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The Prefix Com- and Partial Assimilation

1. In an earlier lesson we saw that sometimes the <n> in the prefix in- changes to an <m> even though the first letter of the stem is not an <m>. An example is the word impression: i\cancel{n} + m + pression. This is called partial assimilation. The prefix com- does a similar thing:

In most of the words with com- the <m> changes to an <n>, even when the stem does not start with an <n>. This partial assimilation of <m> to <n> still makes the word easier to say.

2. The first three letters in each of the following words are some form of com-. Sometimes it has assimilated partially by changing <m> to <n>, and sometimes it has not. Analyze each word to show what happened when com- was added to the stem in that word:

Word = Prefix + Stem
consist = co\cancel{m} + n + sist
conduct = co\cancel{m} + n + duct
conversation = co\cancel{m} + n + versation
commission = com + mission
compare = com + pare
confidence = co\cancel{m} + n + fidence
composition = com + position
consent = co\cancel{m} + n + sent
confession = co\cancel{m} + n + fession
content = co\cancel{m} + n + tent
commerce = com + merce
congress = co\cancel{m} + n + gress
conceal = co\cancel{m} + n + ceal
confront = co\cancel{m} + n + front
continue = co\cancel{m} + n + tinue

3. Now sort the fifteen words into these two groups:

Words in which the <m>...
assimilated partially did not assimilate at all
consist consent conceal commission
conduct confession confront compare
conversation content continue compostion
confidence congress commerece

Word Change. Make the changes called for by the instructions and fill in the blank in the final sentence:

Instructions Words
1. Write the word college. 1. college
2. Change the fourth consonant in the word to the second consonant in the alphabet. Then change the second <e> in the word to the letter that comes between <\mathrm{s}> and <\mathrm{u}> in the alphabet. 2. collect
3. Change the third and fourth letters in the word to the letters that come two places after them in the alphabet. 3. connect
4. Change the third and fourth letters in the word to the letters that come four places after them in the alphabet. 4. correct
5. Change the second consonant in the word to the letter that comes between <m> and <o> in the alphabet. Then change the third consonant in the word to the third consonant in the alphabet. And then change the <e> to <\mathrm{u}>. 5. conduct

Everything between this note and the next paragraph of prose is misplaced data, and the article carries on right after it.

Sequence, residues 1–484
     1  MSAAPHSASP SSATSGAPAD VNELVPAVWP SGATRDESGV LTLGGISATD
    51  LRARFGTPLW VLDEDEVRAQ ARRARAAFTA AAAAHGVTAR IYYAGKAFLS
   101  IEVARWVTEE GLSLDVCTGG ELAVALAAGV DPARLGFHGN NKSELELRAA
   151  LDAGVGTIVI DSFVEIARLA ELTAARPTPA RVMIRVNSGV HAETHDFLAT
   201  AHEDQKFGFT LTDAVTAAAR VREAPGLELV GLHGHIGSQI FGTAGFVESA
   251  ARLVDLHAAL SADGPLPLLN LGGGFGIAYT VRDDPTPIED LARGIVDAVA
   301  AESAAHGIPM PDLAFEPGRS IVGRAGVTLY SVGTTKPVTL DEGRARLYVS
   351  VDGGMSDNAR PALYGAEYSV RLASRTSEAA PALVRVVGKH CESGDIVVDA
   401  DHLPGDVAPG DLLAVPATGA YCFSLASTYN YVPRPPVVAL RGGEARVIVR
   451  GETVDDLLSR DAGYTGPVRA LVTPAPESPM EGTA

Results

6. Change the base of the word to <sist>. 6. consist
7. Change the second vowel in the word to the second vowel in the alphabet. Change the fourth consonant in the word to <n>. 7. consent

If you followed the instructions just right, your solution is \frac{\mathrm{correct}}{\mathrm{Word} \ \# 4}.

Teaching Notes.

Item 1. The partial assimilation of com- to con- eases pronunciation once again by moving the points of articulation closer together. Notice that while [m] is pronounced at the two lips, sounds like [d], [s], and [t], as in conduct, consent, and content, are all pronounced with the tongue near the back of the teeth, which is also the position for pronouncing [n]. Thus [nd], [ns], [nt] are easier sequences to pronounce than would be [md], [ms], and [mt].

Notice, too, that [f] falls between the points of articulation for [m] and [n]. The sound [f] is pronounced with the lower lip touching the upper front teeth (thus [f] is called a labiodental sound). It is apparently this “tweener” state that causes the lack of assimilation in words like comfrey, comfit, and most importantly comfort. In most words with stems that start with [f] (or its voiced partner [v]) the [m] assimilates to [n], as in confidence and conversation, but in comfrey, comfit, and comfort there is no assimilation.

Item 2. Concerning conversation: The evolution of converse from the root meaning "to turn with” to the modern meaning “to speak informally with" was a long one. The following description is from the OED: The Latin convers\bar {a}re, originally “to turn to and fro,” came to mean “to turn oneself about, to move to and fro, to pass one's life, dwell, abide, live somewhere, keep company with.” In French this became converser, which originally meant “to pass one's life, live, dwell in or with.” but developed the meaning “to exchange words with.” French converser was the source of English converse and thus conversation. To me there seems to be a somewhat similar line of development in the semantically related words turn and return.

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Feb 23, 2012

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Apr 29, 2014
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